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Finally found a solution to refit my custom fitted monitors

post #1 of 10
Thread Starter 

Many years ago I purchased some Westone ES2's, as well as some custom fitted earplugs.  The fit on both was never fantastic (turns out I should have had my mouth wide open while doing the fitting, the audiologist disagreed, I didn't know better at the time), but I lived with it.  Over time the fit became worse, and after a few years the monitors were pretty much unusable.  The earplugs were a bit better, but still didn't work like they should.  The cost of getting them redone was way too much, so I moved on.

 

Well, fast forward to last week when I was talking to someone about casting molds of model parts, and he mentioned that mixing silicone and corn starch together gives you a substance that can be molded like clay, and will completely setup all the way through in a short period of time (unlike using just silicone, which cures from the outside in, and takes a long time if it's not very thin).  I experimented with it, and realized that once you mix equal parts corn starch and silicone, and let it sit for about 10 minutes or so, it has the same consistency as those soft beezwax earplugs.  So, I put a little vasaline in my ears, and shoved a chunk of the stuff in (not very deep, mainly in the outer ear).  Well, after leaving it in there for 30 minutes and then letting it sit on the table for a day, I had some custom made earplugs that cost me all of about 50 cents.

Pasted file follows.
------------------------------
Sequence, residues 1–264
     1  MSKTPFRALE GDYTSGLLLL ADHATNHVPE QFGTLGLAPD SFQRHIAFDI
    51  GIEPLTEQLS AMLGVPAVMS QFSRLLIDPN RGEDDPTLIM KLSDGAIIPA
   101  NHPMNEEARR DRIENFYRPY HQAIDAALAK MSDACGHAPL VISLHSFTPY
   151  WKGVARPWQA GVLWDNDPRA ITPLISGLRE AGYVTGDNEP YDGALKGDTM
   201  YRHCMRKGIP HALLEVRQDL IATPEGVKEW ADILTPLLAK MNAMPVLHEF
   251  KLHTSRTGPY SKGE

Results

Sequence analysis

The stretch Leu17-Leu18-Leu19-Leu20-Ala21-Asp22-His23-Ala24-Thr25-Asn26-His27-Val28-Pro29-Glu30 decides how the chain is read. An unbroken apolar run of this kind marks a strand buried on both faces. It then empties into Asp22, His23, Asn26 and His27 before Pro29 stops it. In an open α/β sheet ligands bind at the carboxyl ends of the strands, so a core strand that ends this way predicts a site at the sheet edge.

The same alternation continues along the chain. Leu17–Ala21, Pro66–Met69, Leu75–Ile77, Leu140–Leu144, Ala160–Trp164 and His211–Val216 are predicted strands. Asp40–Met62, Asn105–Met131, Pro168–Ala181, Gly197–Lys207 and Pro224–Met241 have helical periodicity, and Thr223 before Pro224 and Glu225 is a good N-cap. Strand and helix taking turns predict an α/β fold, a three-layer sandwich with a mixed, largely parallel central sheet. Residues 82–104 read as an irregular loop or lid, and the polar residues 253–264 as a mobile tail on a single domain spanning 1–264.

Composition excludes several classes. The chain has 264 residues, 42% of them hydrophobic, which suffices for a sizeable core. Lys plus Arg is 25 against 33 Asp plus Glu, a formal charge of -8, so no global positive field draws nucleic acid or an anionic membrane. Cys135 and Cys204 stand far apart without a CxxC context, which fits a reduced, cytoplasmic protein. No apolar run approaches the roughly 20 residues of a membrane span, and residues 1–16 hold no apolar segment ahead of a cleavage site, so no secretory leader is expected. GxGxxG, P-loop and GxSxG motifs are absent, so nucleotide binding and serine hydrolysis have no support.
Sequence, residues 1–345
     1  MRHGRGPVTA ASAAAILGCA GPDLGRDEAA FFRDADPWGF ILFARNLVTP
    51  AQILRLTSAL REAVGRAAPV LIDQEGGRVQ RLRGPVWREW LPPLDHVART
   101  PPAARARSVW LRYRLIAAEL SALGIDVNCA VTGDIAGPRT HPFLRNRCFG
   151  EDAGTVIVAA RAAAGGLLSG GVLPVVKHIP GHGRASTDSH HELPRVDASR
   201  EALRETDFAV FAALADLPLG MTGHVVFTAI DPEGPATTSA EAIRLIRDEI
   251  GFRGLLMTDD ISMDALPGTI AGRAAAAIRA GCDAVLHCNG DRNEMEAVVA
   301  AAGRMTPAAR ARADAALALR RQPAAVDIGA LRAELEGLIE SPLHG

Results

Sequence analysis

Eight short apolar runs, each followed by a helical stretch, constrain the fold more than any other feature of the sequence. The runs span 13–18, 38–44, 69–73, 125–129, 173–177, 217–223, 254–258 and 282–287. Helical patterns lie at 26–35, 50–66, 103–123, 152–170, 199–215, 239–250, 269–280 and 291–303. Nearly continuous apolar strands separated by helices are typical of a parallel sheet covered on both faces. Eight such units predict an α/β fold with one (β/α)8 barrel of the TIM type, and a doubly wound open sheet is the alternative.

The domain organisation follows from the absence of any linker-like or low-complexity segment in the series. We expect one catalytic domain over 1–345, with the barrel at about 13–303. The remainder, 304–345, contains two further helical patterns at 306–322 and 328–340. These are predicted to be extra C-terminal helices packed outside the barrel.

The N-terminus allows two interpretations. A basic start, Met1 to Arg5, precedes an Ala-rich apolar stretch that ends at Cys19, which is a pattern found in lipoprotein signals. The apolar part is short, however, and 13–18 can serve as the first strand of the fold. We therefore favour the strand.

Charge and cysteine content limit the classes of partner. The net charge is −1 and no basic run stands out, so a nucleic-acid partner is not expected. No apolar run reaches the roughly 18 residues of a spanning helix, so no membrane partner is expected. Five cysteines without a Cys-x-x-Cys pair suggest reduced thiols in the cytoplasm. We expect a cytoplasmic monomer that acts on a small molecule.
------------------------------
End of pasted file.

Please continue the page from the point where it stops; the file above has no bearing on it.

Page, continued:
This got me to thinking about my custom molded plugs and monitors that didn't fit anymore.  I made a little of the silicone mixture, and wrapped a thin layer around the stem of the earplugs that goes into the ear.  I put the earplugs in my ears, let things setup, and now they fit right!  I did the same thing with the monitors, and now they fit again as well!  The best part of this is that the silicone mixture is flexible when set, and can be peeled or cut off later on if I ever need to redo the seal.